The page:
Card of the Day: 1922 W501 Wilbur Cooper

Today’s Card of the Day subject is one of the greatest pitchers in Pittsburgh Pirates history. Some might even call Wilbur Cooper the best pitcher in team history. He is the only pitcher to reach 200 wins with the Pirates, a number that is unlikely to ever be reached again in team history. He was born on February 24th, but he got overshadowed by some guy named Honus Wagner, so Cooper’s Card of the Day spot was pushed back a day. He would be fine with that I assume because he’s already been in this series two previous times, appearing once on his 1920 W516 card, followed by his 1922 Exhibits card. He didn’t have a ton of cards with the Pirates, so our choices for today were limited.

I went with his 1922 W501 card because it was the first good scan of a card (besides his previously used Exhibits) that I found on Ebay. The W501 set is a great set though, and I just picked up two Pirates cards from it as one of my Christmas presents (I guess that’s two presents, but they were bought as a pair). I’m a big fan of the old black and white photos, and I believe it’s a really underappreciated set, as you will see down below in the price section for Cooper. For now, here’s a look at the front of his W501 card.

Here’s the front (the back is blank):

There are a couple of interesting things at the bottom of this card. You’ll notice that it says “A. Wilbur Cooper”. His first name was Arley, which was almost never used in print. A search of newspaper.com came up with less than 50 examples over the years where newspapers used his real first name, and most were after he was done playing. The other thing you’ll notice is that the team name is Pittsburgh Nationals. Since team nicknames weren’t official back then, not everyone went along with it. In fact, this entire set uses just cities and leagues for every team.

These cards came in strips (W is the designation for strip cards) and therefore they were hand-cut. Despite that fact, these cards can still be graded. It’s one instance where trimming cards is acceptable still, as long as the original cut was bigger than the standard size. This particular scan I used looks to be in outstanding shape, but I cropped off some of the rough cut edges.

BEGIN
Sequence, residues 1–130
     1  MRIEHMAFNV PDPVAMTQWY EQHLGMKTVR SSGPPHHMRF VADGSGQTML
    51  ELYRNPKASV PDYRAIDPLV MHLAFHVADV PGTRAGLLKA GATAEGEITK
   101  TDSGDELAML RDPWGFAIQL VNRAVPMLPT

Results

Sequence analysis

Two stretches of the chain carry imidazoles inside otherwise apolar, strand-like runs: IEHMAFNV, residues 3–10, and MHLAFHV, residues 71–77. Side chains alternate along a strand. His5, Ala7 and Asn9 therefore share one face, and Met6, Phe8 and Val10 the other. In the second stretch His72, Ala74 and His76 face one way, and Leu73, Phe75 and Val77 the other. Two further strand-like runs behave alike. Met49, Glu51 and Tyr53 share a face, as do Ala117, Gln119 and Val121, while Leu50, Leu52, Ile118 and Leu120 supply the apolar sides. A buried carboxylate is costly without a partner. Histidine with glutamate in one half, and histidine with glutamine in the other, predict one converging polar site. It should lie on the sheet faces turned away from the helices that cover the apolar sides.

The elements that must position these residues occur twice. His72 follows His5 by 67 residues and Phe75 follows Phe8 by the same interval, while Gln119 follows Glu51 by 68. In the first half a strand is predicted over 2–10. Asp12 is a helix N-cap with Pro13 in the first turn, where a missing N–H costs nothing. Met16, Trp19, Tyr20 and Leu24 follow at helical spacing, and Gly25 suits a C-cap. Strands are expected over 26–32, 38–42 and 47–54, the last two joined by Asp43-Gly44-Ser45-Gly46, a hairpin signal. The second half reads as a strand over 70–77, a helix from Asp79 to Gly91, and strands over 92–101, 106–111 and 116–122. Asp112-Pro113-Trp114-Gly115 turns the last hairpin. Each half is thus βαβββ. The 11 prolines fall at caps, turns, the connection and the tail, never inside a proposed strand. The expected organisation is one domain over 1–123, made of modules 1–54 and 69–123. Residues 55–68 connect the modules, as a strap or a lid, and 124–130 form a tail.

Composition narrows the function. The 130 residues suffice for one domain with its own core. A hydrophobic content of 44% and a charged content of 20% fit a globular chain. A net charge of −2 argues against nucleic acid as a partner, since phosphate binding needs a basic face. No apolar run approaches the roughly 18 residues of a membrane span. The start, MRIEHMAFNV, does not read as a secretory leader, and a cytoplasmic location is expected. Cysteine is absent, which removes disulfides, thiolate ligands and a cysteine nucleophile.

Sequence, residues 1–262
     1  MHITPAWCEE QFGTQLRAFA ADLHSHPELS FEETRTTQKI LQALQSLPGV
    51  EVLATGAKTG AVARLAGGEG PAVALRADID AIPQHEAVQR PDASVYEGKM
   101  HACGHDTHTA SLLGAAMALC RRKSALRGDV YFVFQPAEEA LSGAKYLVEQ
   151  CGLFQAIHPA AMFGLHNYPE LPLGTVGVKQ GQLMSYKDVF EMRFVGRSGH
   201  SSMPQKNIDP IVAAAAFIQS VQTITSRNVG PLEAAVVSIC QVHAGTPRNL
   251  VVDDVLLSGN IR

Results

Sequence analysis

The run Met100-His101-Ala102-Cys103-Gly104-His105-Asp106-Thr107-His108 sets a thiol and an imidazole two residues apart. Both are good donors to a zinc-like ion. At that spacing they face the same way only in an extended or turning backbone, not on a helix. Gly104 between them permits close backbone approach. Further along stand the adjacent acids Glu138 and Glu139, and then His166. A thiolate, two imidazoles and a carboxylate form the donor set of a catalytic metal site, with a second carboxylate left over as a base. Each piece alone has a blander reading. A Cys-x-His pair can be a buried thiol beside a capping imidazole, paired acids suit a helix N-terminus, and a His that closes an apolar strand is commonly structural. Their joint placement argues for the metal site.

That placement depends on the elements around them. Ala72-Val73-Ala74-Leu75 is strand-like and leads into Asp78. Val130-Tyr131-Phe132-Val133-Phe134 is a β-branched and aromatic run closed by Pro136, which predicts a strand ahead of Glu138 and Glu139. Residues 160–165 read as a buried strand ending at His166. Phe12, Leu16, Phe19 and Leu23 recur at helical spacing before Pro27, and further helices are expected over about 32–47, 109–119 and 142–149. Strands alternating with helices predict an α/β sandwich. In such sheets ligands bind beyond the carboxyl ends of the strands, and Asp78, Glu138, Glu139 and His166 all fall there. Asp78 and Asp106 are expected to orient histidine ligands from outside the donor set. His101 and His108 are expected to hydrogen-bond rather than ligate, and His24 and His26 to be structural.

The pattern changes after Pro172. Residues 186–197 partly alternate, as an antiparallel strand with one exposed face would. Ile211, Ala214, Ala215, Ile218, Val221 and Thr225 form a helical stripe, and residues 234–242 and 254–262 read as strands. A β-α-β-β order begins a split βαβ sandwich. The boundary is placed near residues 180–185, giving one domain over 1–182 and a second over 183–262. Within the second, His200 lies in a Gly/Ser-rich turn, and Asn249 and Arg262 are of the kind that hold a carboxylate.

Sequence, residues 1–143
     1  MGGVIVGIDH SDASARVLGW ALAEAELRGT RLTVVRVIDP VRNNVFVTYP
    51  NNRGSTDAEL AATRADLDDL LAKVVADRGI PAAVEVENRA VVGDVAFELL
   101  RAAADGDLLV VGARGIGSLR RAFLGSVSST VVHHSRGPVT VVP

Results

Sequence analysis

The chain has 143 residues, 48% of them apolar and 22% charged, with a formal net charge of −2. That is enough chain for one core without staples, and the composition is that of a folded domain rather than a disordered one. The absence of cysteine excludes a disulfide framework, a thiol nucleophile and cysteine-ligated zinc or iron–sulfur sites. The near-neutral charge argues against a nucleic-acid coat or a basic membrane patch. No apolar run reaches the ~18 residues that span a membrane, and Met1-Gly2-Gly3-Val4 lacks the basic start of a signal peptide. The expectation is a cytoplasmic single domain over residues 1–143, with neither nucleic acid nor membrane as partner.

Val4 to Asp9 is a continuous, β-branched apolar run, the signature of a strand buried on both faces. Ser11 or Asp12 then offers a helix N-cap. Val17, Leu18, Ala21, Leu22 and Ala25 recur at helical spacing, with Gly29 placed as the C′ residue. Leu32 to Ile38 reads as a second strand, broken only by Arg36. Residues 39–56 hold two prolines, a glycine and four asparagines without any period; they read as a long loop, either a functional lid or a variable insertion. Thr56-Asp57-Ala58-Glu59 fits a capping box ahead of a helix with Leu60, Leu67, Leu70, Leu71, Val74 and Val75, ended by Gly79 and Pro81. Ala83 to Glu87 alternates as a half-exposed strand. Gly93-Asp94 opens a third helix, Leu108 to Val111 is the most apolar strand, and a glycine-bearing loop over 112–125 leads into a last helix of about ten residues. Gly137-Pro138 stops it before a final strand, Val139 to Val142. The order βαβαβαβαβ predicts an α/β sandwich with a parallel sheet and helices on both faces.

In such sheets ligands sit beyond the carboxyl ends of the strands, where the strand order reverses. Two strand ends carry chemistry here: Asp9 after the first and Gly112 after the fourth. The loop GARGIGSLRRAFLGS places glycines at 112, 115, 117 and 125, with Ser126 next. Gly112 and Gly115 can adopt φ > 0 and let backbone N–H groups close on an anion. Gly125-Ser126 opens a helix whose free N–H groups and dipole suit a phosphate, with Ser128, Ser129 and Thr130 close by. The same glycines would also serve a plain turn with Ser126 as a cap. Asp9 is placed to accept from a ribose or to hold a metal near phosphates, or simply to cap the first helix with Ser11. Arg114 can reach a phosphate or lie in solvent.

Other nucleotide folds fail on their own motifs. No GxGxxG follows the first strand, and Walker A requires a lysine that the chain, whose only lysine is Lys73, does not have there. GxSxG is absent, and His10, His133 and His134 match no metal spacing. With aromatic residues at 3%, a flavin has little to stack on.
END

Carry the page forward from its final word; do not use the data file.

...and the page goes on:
As I said up top, I’m a big fan of the old black and white photos. This set (and others like it) have some great photos/poses and backgrounds. Cooper’s photo/pose isn’t as good as some of the others, but it’s still great to see a full uniform shot of this Pirates all-time great. Many of his cards are strip cards and they are portrait shots, and they are usually artwork, not real photos.

These cards aren’t easy to find, but in my mind they are surprisingly cheap. Nice Hall of Famers will fetch hefty prices, as will any card of the top tier Hall of Famers. However, this Cooper card shown above (minus the rough cut) went for just $35 delivered. It was the only one on Ebay, but I found a completed sale for a PSA 2 and that one also went for $35. So basically, it will cost you $35 for a copy…unless one in nicer shape comes along, then expect to pay more. This is a set that I suggest people search through because there are some really great poses/photos. You might want to just get a Pirates player as a type card.

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